The guys had a GREAT time fishing last night! God gave them some playful dolphins, a gorgeous sunset, and phosphorescence in the water as gifts during their fishing trip. Even though the three of them only caught four small fish among them, Chief Leonard and his son made up the difference. So our share of the catch was one big fish, and seven small (still good sized!) fish. We had enough to share some with Naris in addition to half of our small pan of lelenga (cassava pudding) this morning. Naris' husband, Dawa, was gone for a meeting in another village, so she wasn't going to make any lelenga. Plus, she has been sick with this nasty cold virus going around the village. It was fun to surprise her with the fish before church (so she could cook it the way she liked) and to follow the fish with lelenga after church.
We "milked" our fish. Aaron cut it into pieces, then I placed the pieces in water and brought them to a boil. After dumping the water, we deboned the fish and re-boiled it in coconut cream with salt and curry. Yummy!
After a rousing Phase 10 game, we finally completed the music recital that we began yesterday. Edi and Sarah sang a beautiful duet of "Infant Holy", and they they performed the world premiere of Benjamin's composition "Opus 1". He set various scripture verses to music in four different movements. We LOVED it!
Edi's home church has a great AWANA group that has adopted us for the year. They sent a paper Christmas tree with picture ornaments from each child in AWANA. Edi's mom was the impetus behind the tree - how thoughtful! On the back of each ornament is each child's name, and I think Olivia already has the names and faces memorized.
Eta and Edi really hit it off! We love Eta, she has a sweet heart and loves Jesus, just like Edi. Today was the day of goodbyes, and Eta was leaving this afternoon to stay at the elementary school for the week. I snapped a picture of these two lovely ladies before they went off to the church to pray together. I think that prayer is one of the biggest gifts Edi brought with her. It didn't matter if language was a barrier, Edi just "stopped, dropped, and prayed" with everyone God brought her way.
After church this morning, our friend, Hensy, made an announcement that there would be an engagement/farewell party for Edi and Brennen tonight. Under our house. In other words, the Choates were hosting the party! We've enjoyed several gatherings under our house, but never anything so sweet.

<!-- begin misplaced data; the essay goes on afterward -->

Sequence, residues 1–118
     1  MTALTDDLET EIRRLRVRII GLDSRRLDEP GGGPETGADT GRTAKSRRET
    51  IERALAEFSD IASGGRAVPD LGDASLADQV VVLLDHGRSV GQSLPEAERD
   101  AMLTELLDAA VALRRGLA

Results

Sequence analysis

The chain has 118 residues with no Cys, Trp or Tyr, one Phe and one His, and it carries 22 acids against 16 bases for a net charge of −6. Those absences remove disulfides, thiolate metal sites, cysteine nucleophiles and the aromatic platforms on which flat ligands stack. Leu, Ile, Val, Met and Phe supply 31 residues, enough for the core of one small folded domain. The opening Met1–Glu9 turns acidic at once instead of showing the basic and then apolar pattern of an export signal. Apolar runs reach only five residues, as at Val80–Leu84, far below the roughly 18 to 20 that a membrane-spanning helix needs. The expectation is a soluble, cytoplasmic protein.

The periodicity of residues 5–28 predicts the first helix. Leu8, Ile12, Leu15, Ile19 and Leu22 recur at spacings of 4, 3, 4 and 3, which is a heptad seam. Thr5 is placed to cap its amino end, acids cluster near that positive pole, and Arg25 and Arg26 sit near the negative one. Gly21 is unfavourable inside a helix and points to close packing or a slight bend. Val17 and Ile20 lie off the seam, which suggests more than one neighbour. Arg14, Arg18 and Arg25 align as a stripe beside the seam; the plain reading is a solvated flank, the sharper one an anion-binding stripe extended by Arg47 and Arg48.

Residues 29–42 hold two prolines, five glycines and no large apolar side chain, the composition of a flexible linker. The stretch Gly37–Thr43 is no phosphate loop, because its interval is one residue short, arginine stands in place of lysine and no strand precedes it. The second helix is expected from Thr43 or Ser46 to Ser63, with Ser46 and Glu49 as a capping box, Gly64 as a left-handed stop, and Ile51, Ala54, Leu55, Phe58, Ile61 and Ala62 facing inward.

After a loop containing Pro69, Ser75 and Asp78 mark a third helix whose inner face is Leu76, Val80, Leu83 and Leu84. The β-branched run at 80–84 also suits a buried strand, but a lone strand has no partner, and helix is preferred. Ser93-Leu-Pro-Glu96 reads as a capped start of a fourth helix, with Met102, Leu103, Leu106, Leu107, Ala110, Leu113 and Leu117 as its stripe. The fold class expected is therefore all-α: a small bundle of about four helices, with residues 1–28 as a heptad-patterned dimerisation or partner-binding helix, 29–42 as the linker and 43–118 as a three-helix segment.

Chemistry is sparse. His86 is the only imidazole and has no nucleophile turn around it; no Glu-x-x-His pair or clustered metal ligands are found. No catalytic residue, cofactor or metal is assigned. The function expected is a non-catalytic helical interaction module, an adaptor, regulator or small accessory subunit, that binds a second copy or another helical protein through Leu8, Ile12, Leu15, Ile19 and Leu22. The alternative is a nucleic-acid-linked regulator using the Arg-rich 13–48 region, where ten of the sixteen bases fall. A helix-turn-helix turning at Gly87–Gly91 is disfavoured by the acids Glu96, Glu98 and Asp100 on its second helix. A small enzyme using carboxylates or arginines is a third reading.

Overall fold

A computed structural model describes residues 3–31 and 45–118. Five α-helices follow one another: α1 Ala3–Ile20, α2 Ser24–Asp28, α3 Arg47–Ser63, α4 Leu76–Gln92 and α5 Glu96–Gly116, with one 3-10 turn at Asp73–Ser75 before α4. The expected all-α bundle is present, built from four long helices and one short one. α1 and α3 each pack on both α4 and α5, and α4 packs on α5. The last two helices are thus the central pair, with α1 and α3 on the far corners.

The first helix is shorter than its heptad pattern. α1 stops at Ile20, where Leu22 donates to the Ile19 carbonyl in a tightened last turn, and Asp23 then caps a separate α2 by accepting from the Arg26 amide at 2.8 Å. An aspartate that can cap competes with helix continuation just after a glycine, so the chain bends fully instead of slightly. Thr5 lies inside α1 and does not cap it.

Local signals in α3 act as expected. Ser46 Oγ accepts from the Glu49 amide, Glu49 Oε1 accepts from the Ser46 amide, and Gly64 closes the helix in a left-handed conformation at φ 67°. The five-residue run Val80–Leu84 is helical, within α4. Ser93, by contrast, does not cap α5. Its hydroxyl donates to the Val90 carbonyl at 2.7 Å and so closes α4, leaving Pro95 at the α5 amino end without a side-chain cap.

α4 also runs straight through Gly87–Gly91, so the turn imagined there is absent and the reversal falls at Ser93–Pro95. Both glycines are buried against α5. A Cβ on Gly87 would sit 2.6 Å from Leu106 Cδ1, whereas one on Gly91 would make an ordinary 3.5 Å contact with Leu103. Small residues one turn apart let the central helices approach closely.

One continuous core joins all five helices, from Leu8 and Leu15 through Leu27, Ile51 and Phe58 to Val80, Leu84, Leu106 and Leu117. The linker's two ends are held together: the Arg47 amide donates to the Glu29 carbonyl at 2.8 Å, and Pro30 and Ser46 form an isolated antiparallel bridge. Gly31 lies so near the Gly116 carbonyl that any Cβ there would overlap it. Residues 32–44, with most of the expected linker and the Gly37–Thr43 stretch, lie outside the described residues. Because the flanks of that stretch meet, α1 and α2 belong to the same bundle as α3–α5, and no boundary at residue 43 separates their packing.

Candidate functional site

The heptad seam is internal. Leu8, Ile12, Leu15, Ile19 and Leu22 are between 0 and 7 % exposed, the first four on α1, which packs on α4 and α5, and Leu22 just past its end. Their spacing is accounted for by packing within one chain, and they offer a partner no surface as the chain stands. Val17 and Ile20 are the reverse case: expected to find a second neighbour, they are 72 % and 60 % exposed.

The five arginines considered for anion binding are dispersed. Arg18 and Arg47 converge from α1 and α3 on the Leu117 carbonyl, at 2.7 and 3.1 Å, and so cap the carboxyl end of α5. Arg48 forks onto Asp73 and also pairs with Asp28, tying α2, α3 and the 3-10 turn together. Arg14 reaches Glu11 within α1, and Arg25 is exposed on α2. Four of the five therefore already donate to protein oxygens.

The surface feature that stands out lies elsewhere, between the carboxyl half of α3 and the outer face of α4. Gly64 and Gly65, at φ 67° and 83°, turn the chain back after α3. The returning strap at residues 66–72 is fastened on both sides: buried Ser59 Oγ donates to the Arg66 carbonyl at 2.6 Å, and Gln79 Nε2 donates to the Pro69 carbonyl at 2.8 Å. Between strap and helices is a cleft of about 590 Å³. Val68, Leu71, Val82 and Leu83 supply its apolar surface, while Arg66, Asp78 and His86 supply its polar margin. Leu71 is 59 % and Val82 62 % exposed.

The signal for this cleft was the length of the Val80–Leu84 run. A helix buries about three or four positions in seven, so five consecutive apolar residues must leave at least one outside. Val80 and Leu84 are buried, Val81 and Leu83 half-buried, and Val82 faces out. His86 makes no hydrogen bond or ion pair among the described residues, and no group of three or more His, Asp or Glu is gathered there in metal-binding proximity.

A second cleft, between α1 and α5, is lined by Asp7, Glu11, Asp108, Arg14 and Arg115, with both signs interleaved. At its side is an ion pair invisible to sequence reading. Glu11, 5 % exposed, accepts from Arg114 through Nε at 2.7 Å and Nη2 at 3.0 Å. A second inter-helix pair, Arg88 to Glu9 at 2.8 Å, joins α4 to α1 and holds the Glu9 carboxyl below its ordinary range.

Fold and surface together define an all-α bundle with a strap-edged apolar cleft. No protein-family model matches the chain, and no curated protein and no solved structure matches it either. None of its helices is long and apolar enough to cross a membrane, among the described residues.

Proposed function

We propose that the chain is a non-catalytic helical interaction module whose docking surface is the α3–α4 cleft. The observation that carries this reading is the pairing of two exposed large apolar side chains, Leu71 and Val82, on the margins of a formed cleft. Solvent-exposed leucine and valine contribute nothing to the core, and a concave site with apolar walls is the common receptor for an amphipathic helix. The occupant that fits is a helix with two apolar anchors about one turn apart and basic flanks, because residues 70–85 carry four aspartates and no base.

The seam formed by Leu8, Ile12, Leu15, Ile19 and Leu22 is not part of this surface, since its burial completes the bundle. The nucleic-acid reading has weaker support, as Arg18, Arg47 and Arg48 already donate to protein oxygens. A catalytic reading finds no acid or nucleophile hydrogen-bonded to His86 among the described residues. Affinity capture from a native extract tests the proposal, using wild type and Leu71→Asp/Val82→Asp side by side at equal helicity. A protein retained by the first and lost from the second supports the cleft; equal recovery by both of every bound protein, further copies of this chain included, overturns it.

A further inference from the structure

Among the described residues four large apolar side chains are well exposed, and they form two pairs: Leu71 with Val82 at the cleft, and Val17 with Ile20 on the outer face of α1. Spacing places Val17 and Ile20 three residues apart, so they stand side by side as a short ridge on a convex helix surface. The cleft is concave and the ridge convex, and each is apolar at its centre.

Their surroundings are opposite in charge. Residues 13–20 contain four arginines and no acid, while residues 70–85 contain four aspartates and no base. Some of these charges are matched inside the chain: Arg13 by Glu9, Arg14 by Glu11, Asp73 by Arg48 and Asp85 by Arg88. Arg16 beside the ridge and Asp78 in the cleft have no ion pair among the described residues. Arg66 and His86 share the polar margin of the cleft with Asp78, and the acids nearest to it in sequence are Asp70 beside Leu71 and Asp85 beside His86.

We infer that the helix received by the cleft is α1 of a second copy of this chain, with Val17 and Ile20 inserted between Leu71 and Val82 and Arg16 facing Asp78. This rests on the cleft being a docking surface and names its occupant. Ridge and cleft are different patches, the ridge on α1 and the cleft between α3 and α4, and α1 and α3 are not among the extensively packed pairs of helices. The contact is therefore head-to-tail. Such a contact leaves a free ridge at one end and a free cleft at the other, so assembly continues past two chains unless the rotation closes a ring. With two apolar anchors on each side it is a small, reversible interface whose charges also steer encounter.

We anticipated lots of people bringing food for the potluck, but God prompted my heart to make a triple batch of the stuff I was making to go on top of rice (thanks, Lord, for a good market yesterday!) and to cut up the huge watermelon we requested when Brennen came to the village. Usually we devour watermelon immediately, but this time, we had so many different kinds of fruit at market that the watermelon still sat untouched. Again, I think this was God's provision.
So after church tonight, we began setting up the table and chairs underneath the house, strung some Christmas lights, brought down buckets to hold the flowers our friends brought, and carried our platters of food down to wait.
Our friends moved our two big chairs underneath the Christmas lights as the seats of honor. They began to bring root crops and rice and set them on the table. I kept looking for the other food, but by the time the party began around 8:00, I realized that there wasn't going to be any other food. So thankful that we had plenty to share! Chief Leonard explained that the Lavukal lead the new bride and groom by the hands to the seats of honor just after the wedding. So the party began with everyone singing and dancing as my friend, Margaret, held Edi's hand on one side and Brennen's hand on the other side and led them to the seats underneath the lights.
After more singing and dancing, the "big men" (Chief Leonard, Aaron, & Brennen) filled their plates, followed by our family. Then I helped a few women make plates for everybody else. Usually, everybody brings their own plate, but I realized that I didn't see anybody with a plate in hand, so I quickly asked a friend if we were supposed to provide the plates. She nodded yes, so I ran upstairs to grab every plastic plate and bowl I could find. As we loaded plates with rice, a little bit of the Pakistani Kima I had made, a piece of watermelon, and half of a potato or cassava, I noticed plates that were empty quickly returning for another person to use. We ladled food into the same dishes over and over again, but everybody got at least a little bit of food into their tummies using our nine plates and fourteen bowls.
After eating, it was time for the speeches. Chief Leonard spoke, as did Aaron and my friend, Hilda, on behalf of the Marulaon women. Aaron even led us in the fun action chorus, "God Made the Butterfly Fly". Then Brennen and Edi took their turns. What blessings they poured out on our neighbors and what sweet Christian fellowship we enjoyed tonight. God's spirit was certainly present. We closed with the traditional hand shaking as everybody lined up to dance and sing their way to shake hands with Edi and Brennen. Margaret (a grandmother of at least nine children) almost brought the house down as she danced away with Brennen at the end of the song. I think he made a special friend!
Work, work, work!
I never get bored here. When we first arrived in the Solomon Islands and were getting ready for our first trip out to the village, many of our colleagues told us that we would be bored and suggested we take plenty of books and games. However, I have a tall pile of books just waiting for me to have a spare moment to read. Saturday always begins with an early morning market just after morning prayer. I'm usually down by the shore buying food by 6:30 a.m.
Saturday also means making cassava pudding, a task which often takes our family most of the morning. But it is worth the time and effort to be a part of the community and to be able to share our "famous" pudding with our neighbors. Aaron has earned a great name as the squeezer of the best coconut cream this side of the Russell Islands!